AAMI/AP&P AUTOBODY REPAIRER OF THE YEAR REGIONAL WINNER (NEW SHOP) NSW
You’d expect to see something special when you walk into a manufacturer-backed repair facility, and Autohaus Prestige at Five Dock does not disappoint.
Fronted by general manager Neil Brooks, who has years of experience in repairing prestige vehicles, Autohaus Prestige is part of Ian Pageant’s network, which includes the Audi Five Dock dealership.
As the name of the business implies, this state-of-the-art repair facility is an Audi specialist shop, and according to Brooks, is the first Audi factory shop in Australia, affording it a special place within the auto repair sector.
Autohaus Prestige features the latest in equipment: Celette benches, Jolift bench, Pan spray booths, Wielander and Schill welding equipment, Unimig welders, and the Hercules ducted air system for sanding and suction. The list goes on.
Perhaps one of the greatest features of this modern workshop is the aluminium booth, which features a Celette Griffon 2800 Evolution in-floor bench.
This was installed to cater for some of the more low-slung Audis, like the A8 and R8.
The shop has three prep bays with Hercules hoists and two spray booths, (also with a hoist in one), which uses Glasurit paints. All the equipment is designed to take the weight of the Audi Q7.
While the paint shop is set up for Glasurit solvent-based paint, Brooks says the plan is to move to waterborne product once it has been proven in the field.
There is already The Solution filtering system in place once the waterborne paints are introduced.
Brooks says the installation of the equipment was made easier with the assistance of Sydney Automotive Paints and Equipment (SAPE), where all the equipment was sourced. And all the products are Audi-approved, he says.
Autohaus Prestige is a busy shop with three panelbeaters and three spray painters, and an apprentice in each of the panel and paint shops. There are also three fitters, three detailers, a shop manager, two office staff, a full-time cleaner and Brooks as general manager.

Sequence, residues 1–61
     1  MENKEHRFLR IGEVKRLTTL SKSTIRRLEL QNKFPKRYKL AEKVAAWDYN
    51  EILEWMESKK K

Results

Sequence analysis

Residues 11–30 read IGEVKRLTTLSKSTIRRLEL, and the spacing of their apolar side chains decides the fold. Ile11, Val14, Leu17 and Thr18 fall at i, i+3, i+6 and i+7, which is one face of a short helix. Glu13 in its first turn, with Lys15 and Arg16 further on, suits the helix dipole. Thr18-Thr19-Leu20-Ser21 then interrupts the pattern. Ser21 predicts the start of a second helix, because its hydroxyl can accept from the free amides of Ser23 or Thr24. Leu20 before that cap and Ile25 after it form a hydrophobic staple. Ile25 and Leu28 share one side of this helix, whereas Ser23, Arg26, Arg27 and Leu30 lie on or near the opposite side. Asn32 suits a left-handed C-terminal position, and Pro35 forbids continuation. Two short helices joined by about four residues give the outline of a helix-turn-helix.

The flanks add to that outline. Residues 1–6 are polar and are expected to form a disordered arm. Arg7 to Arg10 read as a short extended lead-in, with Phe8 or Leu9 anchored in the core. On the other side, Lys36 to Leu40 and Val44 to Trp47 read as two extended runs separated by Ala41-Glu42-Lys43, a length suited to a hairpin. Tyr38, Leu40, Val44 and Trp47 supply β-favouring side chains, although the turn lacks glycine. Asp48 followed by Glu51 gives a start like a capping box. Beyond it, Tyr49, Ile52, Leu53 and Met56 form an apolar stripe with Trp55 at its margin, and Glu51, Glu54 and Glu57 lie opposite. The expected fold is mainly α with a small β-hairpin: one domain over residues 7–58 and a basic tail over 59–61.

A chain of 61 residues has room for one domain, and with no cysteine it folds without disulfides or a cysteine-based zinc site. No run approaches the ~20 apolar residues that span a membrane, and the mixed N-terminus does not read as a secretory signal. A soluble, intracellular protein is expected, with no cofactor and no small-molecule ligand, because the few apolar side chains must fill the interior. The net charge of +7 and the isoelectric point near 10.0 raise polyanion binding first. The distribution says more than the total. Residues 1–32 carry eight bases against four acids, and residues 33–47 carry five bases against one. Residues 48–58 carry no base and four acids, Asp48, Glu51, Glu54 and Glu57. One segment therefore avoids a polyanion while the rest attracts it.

Quoting for repairs in done using an in-house system Brooks has developed himself, while the business management is done using Reynolds and Reynolds, an Audi-specified office management package.
The company enjoys QBE preferred repairer status, through the Audi affiliation. And the success of the shop is also evident. It had only been open for six months when the AP&P judging team visited – Brooks is still waiting for approval to finish the signage on the building – and already there is a six-week wait time to have an Audi repaired at the shop.
Plans are also in place to expand the shop, with a new building attached to the existing building and the installation of a covered area over the existing driveway, allowing more vehicles to be stored under cover.
Part of the ethos of the business is to repair vehicles, rather than replace parts, and Brooks places great emphasis on file finishing repairs in the workshop.
“We use the best of everything,” he says, including staff.
All the shop’s technicians are trained to Audi training standards in Germany, and technicians have access to Audi’s data and repair methods online in the workshop.
With Audi a growing brand in Australia, Brooks is confident of continuing growth for this specialist smash repair enterprise.
However, he says a challenge for the industry is to get through to “certain insurers” what needs to be done to fix cars properly.
Sydney Morning Herald journalists appear to take sides.